At a Glance
Why Get Tested?
To determine if your gastrointestinal symptoms are due to an infection caused by Escherichia coli bacteria that produce Shiga toxin
When to Get Tested?
When you have acute diarrhea that is persistent, severe and/or bloody
A fresh liquid or unformed stool sample that does not contain urine or water, collected in a clean dry container; a rectal swab may be collected from infants. Stool and rectal swab may be placed in transport media for delivery to laboratory.
Test Preparation Needed?
The Test Sample
What is being tested?
These tests detect the presence of disease-causing (pathogenic) Escherichia coli that produce Shiga toxins. E. coli bacteria commonly occur in nature and they are a necessary component of the digestive process in humans and most other mammals. Most strains of E. coli are harmless, but pathogenic E. coli can be responsible for inflammation of the stomach and intestines (gastroenteritis). There are multiple subtypes of E. coli that cause diarrheal illness, and they are classified by the mechanisms by which they cause disease. For example, some invade the lining of the intestines, causing inflammation, while others produce toxins.
E. coli that produce poisons called Shiga toxins are generally the only type of E. coli that are tested for in clinical settings from stool specimens. The Shiga toxins associated with these infections are so called because they are related to the toxins produced by another type of disease-causing bacteria, Shigella.
A strain of Shiga toxin-producing E. coli (STEC) called O157:H7 has been responsible for many outbreaks of gastrointestinal illness in the U.S, though there are also non-O157 strains of STEC that are gaining recognition in individual cases and outbreaks. For example, an outbreak of E. coli O104:H4, a non-O157 STEC, was associated with travel to Germany and resulted in 32 deaths in 2011 from eating contaminated sprouts (see Toxin-producing E. coli Outbreak in Germany). In 2007, STEC O157:H7 was responsible for 7% of gut-related diseases reported to all U.S. health agencies.
Outbreaks have been linked to the consumption of contaminated food, including undercooked ground beef, unpasteurized juice, raw milk, and raw produce such as leafy greens and alfalfa sprouts. STEC may also be transmitted through contaminated water, contact with farm animals or their environment, and from person to person.
In addition to symptoms of nausea, severe abdominal cramps, watery diarrhea, fatigue, or possible vomiting and low grade fever, STEC infections are often associated with bloody stools and can lead to serious complications, specifically hemolytic uremic syndrome (HUS). HUS is a result of the toxin entering the blood and destroying red blood cells (hemolysis). It can lead to kidney failure (uremia or the build up of nitrogen wastes in the blood) and can be life-threatening. Signs and symptoms include decreased frequency of urination (evidence of uremia), fatigue, and pale skin due to hemolytic anemia. HUS usually develops about a week after the onset of diarrhea.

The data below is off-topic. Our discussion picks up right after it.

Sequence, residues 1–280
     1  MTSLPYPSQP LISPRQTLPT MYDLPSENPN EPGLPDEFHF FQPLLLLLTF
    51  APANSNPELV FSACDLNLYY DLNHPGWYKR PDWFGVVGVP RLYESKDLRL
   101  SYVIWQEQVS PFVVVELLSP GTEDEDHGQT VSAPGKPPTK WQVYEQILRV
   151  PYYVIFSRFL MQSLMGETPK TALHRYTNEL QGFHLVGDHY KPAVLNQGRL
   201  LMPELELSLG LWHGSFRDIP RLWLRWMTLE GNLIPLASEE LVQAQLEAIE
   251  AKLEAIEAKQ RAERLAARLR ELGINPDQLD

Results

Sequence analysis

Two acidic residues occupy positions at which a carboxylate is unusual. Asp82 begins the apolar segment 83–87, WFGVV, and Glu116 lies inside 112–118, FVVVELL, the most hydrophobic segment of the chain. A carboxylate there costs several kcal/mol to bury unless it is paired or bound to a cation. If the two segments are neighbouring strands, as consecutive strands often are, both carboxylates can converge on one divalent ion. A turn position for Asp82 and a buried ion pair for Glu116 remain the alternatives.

Approximately 8% of people who are diagnosed with an O157 STEC infection develop HUS. Children, the elderly, and persons with weakened immune systems are at greatest risk. However, most healthy persons recover from a STEC infection within a week and do not develop HUS. Non-O157 Shiga toxin producing E. coli can cause the same symptoms and complications and likely account for 20-50% of STEC infections in the U.S. annually. Different testing techniques are required to identify O157 and non-O157 Shiga toxin-producing E. coli.
How is the sample collected for testing?
A fresh liquid or unformed stool sample is collected in a clean dry container. The stool sample should not be contaminated with urine or water. Once it has been collected, the stool should be taken to the laboratory immediately or refrigerated and taken to the lab as soon as possible. Some laboratories provide transport media to support the survival of the organism from the time of collection until delivery to the laboratory. STEC become difficult to detect in the stool after one week of illness, so the timing of sample collection relative to the onset of illness is important.
NOTE: If undergoing medical tests makes you or someone you care for anxious, embarrassed, or even difficult to manage, you might consider reading one or more of the following articles: Coping with Test Pain, Discomfort, and Anxiety, Tips on Blood Testing, Tips to Help Children through Their Medical Tests, and Tips to Help the Elderly through Their Medical Tests.
Another article, Follow That Sample, provides a glimpse at the collection and processing of a blood sample and throat culture.
Is any test preparation needed to ensure the quality of the sample?
No test preparation is needed.
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NOTE: This article is based on research that utilizes the sources cited here as well as the collective experience of the Lab Tests Online Editorial Review Board. This article is periodically reviewed by the Editorial Board and may be updated as a result of the review. Any new sources cited will be added to the list and distinguished from the original sources used.
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